v. Description (sometimes a difficult word/phrase is described in such a way as to help unpack its meaning, though the meaning isn’t obvious from a surface reading of the text).
vi. Word Pictures & Figures of Speech (sometimes a difficult word/phrase is unpacked by a metaphor/simile/etc. or word picture that helps you narrow down the meaning of the word/phrase.)
5. Verbs drive a sentence. When you’re unpacking a passage of scripture and you want to grasp the meaning, digging into nouns will often give you some historic details and theological setting, but it won’t actually help you understand the passage you’re unpacking. Verbs are the engines that drive a sentence in every language.
6. Dialogue drives a narrative. When you’re reading a section of the Bible that is narrative in genre, the part that is most important isn’t what is done. The part that is most important is what is said, and then what is done in response to what is said. Dialogue is the engine behind action in all narrative.
7. When you see an “ought”, “should”, “must” or any other command language, you’ve got a command to be obeyed (an imperative). Imperatives are always something to memorize.
8. When you see a “because” (or “for”, “since”, “so that”, “seeing that”), you’re being told a reason for something. Read what’s before and after the “because” carefully; following an argument is the first step in understanding an argument.
9. When you see an unclear pronoun (him, her, them, they, you, etc.), it’s usually referring to the nearest proper noun (the antecedent of the pronoun). Probably half the misapplied scripture stems from misunderstood pronouns; just because the Bible says “you”, it’s not necessarily addressing you directly or personally.
10. When you come to a hard text, remember several things:
a. A text without a context is a pretext for a proof-text. (pulling a passage from its context is a guaranteed means of misunderstanding it.)
b. Biblical authors didn’t switch topics at random in mid-sentence/thought.
c. The details support the main idea, and the main idea is built from the details. (If you dig into a verse and come out with a meaning that doesn’t fit with the flow of the passage, you need to re-evaluate your work.)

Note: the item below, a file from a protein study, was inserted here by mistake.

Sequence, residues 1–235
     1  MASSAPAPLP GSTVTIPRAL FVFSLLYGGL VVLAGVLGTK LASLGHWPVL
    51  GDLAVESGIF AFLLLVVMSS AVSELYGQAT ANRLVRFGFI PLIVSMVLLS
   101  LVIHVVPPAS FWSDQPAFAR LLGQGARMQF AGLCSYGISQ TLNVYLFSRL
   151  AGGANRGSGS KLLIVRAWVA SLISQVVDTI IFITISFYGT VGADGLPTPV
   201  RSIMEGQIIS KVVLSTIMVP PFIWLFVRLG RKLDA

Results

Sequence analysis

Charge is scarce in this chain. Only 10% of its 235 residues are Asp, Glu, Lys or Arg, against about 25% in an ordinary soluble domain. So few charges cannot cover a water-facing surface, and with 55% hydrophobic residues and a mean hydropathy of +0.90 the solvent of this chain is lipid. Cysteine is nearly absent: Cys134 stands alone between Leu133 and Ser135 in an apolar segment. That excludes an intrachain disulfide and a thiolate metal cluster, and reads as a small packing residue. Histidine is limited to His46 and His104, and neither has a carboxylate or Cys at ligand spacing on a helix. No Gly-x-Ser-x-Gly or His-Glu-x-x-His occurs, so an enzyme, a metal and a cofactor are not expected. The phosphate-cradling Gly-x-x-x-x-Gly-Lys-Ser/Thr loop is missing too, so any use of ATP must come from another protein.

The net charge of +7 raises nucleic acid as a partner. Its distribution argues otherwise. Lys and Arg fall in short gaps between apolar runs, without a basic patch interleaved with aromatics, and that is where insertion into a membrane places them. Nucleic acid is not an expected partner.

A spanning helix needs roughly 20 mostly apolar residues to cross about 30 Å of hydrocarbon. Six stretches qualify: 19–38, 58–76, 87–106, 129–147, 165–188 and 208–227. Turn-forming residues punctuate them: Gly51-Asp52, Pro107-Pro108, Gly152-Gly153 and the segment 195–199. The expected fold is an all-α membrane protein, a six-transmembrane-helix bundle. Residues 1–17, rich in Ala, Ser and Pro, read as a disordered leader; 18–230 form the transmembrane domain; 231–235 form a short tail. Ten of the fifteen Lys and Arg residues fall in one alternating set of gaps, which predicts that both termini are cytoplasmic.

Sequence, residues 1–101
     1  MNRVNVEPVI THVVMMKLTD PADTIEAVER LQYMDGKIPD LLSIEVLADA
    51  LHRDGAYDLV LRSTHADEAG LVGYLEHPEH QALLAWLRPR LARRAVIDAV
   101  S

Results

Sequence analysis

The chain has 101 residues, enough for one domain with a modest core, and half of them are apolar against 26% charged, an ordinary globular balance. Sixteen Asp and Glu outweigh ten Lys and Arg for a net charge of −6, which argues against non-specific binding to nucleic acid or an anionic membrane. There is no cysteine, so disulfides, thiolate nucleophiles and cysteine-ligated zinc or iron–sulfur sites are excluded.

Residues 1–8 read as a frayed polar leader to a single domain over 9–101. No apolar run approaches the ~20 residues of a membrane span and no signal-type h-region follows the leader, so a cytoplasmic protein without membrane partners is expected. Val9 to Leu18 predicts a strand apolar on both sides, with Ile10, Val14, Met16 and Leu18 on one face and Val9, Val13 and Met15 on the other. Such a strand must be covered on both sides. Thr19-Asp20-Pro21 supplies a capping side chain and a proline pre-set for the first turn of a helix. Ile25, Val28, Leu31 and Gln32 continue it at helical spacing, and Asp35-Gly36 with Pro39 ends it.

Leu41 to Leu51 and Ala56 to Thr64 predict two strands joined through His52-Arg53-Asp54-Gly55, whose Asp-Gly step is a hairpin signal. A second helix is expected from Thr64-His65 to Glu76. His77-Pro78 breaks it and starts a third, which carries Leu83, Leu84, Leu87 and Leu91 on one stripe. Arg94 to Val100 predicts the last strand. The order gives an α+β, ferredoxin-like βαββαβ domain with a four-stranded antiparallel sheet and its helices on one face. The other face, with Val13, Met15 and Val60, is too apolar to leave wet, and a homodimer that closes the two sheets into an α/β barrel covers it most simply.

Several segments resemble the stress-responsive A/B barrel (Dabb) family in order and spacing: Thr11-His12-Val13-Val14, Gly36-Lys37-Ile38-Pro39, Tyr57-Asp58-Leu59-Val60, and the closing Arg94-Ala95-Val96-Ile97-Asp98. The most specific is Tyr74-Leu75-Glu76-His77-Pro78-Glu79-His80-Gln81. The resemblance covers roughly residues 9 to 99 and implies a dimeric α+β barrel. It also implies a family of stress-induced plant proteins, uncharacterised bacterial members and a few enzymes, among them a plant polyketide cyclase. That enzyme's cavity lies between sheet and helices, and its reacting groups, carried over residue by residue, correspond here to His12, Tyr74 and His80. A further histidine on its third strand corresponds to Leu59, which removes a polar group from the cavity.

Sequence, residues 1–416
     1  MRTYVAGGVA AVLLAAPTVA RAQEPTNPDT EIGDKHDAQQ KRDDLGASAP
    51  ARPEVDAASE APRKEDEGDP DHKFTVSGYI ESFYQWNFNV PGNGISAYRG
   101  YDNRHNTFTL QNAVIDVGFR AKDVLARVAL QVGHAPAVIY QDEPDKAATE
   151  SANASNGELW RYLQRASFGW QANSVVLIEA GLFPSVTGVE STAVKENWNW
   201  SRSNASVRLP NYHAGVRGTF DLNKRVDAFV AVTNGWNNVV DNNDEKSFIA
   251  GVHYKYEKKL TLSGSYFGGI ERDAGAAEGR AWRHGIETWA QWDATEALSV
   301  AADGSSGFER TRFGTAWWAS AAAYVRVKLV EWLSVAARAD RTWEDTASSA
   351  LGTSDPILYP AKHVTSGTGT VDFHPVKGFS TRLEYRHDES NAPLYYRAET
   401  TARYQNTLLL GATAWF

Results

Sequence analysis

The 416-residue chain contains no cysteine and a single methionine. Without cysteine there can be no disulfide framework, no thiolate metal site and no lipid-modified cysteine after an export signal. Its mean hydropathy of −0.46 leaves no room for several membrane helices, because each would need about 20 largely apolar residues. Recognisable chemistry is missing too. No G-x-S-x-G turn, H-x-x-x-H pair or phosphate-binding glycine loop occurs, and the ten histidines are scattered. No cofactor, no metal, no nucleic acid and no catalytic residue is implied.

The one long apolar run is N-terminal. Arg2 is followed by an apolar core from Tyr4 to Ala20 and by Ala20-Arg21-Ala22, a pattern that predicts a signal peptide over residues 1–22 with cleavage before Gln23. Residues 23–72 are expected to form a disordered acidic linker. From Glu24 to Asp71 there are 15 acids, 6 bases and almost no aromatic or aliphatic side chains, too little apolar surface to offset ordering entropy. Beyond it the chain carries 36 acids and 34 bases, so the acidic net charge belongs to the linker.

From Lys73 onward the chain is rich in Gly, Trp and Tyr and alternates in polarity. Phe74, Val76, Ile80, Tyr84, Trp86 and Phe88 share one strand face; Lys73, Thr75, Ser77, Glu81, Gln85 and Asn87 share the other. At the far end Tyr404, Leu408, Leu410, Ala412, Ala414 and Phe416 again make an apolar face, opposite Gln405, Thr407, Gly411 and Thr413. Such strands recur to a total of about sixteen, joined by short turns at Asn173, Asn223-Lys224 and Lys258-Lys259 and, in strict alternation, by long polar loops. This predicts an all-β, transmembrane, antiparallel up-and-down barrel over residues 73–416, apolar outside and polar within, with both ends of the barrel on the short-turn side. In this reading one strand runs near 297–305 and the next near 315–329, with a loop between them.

d. You rarely need to import other scripture to understand the straightforward meaning of a passage. (see 3c. It’s so important, I thought it was worth mentioning twice)
e. Be patient and prayerful. (Some passages of Scripture are hard to understand [Prov. 25:2, 2 Peter 3:15-16], but the Bible is objectively true; it’s true whether you understand it or not.)
f. The problem is with the interpreter, not the scripture.
11. If you have a word/passage where there are 2 or more possible meanings, plug in each meaning and see which one makes the most sense.
12. If the plain sense makes sense, seek no other sense. Words mean what they normally mean unless you have good reason to abandon their common meaning. The Bible is full of figures of speech, but just because something could be a metaphor doesn’t mean that it is. (i.e. Matt. 4:2. The simple fact that the phrase ” forty days and forty nights” occurs frequently in the scripture is insufficient reason to declare that it is a metaphor in Matt. 4:2 for something like “a time of testing” or “a time of purification”. In order to declare that something is a metaphor, you need sufficient reason. That reason will be found in the immediate context, not another verse in another book of scripture.)
I hope that is beneficial and helpful to some of my readers.
Until Next Time,
Lyndon “Get Er Ragged!” Unger